• Reorganization and simplified navigation.
  • Mobile optimization of all screens.
  • Simplified language and wording throughout the portal.
  • Downloadable reports for digital products in each status.
  • Digital codes scoreboard for a quick reference of your available codes.
  • Integrated tooltips to provide descriptions of each section or application.
  • Improved filtering and sorting options of digital code data.
  • Drop-down menu of languages.

The revised Online Processing Center will launch in multiple languages including English, Korean, Japanese, Chinese, Spanish, French, German, Italian, Portuguese, Arabic and Russian.

If you have any additional questions, please contact PADI Training or Customer Services.


EVE Webinar Series: #4 – Opening EVE for the First Time

EVE is PADI’s preferred Customer Relationship Management software package designed to improve the efficiency of running your Dive Centre, increase your sales (courses, retail, servicing, rental and trips) and maximise your profits.

Whether you are an existing EVE user or a PADI Dive Centre owner looking to improve your Customer Relationship Management, our short webinars full of useful information and tips will be of use to help you integrate this tool and bring the power of a virtual employee into your business.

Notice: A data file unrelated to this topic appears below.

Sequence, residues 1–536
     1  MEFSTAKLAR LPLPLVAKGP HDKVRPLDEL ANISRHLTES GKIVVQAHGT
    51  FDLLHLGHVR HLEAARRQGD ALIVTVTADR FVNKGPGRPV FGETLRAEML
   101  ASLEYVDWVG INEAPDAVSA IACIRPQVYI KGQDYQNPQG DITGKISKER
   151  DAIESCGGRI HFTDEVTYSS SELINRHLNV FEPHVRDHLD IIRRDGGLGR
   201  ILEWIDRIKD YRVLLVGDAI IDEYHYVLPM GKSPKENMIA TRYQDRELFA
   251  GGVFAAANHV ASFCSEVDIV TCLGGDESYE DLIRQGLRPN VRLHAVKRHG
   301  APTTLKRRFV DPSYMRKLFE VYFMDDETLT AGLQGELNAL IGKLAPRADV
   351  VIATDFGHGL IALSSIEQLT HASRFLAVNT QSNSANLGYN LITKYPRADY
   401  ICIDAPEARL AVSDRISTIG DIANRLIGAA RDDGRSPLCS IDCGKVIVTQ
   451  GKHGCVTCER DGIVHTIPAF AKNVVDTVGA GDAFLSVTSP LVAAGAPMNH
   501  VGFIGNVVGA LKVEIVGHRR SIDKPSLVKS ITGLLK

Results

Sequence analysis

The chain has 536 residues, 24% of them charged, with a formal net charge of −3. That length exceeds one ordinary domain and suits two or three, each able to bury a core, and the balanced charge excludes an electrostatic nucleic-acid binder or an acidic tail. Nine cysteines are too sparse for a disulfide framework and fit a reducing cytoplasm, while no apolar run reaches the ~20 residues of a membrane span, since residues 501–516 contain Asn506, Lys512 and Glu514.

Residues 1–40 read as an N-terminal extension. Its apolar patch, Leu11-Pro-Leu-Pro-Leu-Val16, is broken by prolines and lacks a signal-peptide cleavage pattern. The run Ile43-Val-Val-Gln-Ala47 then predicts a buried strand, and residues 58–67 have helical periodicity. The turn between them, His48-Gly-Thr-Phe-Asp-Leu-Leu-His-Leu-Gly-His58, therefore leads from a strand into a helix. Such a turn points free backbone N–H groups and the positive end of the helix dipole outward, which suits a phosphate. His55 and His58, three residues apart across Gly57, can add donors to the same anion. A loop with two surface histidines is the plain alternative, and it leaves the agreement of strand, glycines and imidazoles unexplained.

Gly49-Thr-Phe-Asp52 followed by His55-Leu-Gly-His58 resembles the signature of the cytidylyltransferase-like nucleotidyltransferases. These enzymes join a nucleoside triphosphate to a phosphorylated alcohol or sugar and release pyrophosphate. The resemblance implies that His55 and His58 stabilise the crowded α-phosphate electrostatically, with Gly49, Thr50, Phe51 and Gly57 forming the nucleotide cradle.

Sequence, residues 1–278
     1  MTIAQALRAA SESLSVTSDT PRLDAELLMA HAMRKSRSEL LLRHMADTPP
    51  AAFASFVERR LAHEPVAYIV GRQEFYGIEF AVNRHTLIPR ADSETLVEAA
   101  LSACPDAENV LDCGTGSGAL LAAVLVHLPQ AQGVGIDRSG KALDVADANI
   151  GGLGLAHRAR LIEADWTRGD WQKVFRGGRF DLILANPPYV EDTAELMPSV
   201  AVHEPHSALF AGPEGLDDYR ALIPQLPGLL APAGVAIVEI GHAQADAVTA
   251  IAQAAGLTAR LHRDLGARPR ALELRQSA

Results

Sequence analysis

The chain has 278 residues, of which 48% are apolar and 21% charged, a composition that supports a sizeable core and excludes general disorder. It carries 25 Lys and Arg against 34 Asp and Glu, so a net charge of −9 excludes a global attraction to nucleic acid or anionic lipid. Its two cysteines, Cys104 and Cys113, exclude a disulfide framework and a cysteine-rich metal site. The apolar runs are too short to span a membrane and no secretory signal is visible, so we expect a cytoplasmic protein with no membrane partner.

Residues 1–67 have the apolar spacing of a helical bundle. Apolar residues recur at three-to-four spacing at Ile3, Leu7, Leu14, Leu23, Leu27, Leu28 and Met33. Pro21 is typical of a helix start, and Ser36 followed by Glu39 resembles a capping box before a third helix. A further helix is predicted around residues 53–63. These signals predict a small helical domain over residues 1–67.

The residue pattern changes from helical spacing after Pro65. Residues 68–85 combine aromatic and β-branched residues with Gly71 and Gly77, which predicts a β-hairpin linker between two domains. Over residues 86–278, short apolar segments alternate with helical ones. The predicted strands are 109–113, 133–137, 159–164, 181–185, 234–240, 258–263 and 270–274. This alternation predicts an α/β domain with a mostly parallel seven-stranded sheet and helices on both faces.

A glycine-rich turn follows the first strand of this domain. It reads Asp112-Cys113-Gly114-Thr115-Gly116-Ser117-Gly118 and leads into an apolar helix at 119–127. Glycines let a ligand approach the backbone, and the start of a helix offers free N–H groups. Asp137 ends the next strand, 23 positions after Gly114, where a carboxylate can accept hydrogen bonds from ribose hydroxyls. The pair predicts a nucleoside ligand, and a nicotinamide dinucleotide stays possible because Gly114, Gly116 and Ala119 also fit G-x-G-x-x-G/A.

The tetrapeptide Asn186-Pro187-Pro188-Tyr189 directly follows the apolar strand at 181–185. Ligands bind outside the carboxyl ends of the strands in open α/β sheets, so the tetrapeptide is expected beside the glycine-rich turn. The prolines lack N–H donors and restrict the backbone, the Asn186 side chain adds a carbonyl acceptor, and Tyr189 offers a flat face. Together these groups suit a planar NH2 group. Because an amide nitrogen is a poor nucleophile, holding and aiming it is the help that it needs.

Here’s the fourth in this webinar series: Opening EVE for the First Time:

For more EVE Customer Relationship Management information and tips, contact your PADI Regional Manager for further assistance.

Skills Deconstructed: The “How-To” on Happy Hovering

Alexandra DimitriouAlexandra Dimitriou-Engeler is a PADI Dive Center owner in Agia Napa, Cyprus. She became a diver in 1992 and received her bachelor’s degree in Oceanography at Plymouth University in 2003. Her love of the ocean has always been her driving force, and this has led to the natural progression of becoming a diving instructor in 2005. She is currently a PADI staff instructor and owner of Scuba Monkey Ltd and is writing a series of guest blogs for PADI Europe, Middle East and Africa. Her next article shares advice on teaching the tricky skill of hovering to new students…

Good buoyancy control is one of the most important skills that a diver must master for two reasons: It keeps the diver in control throughout their dive and protects the marine environment at the same time.

Many students find hovering a tough skill to master. I know I did when I was an open water student, and that was over 20 years ago. I can still remember the frustration of not getting it right the first time. I can also remember the calm reassuring voice of my instructor.

So let’s see why students struggle sometimes.

Being overweighted: Take a lot of time with your guests when you first enter the water on day one. If a diver is overweighted, hovering is a nightmare. Take the extra time at the beginning and you will save time later.

Not thinking about how they are breathing: Try to emphasize that buoyancy should become a habit, and they should not just treat it as an isolated skill. Get them thinking about their breathing. Nothing more than that. Just make them aware from day one.

Getting Frustrated: Emphasize that hovering will take a little time, and because it is a skill that is controlled largely by the lungs, any changes to their rhythm of breathing will affect their success. If they get frustrated, their breathing will change, which will make it harder to control their buoyancy…. then they will get even more frustrated and the issue compounds itself.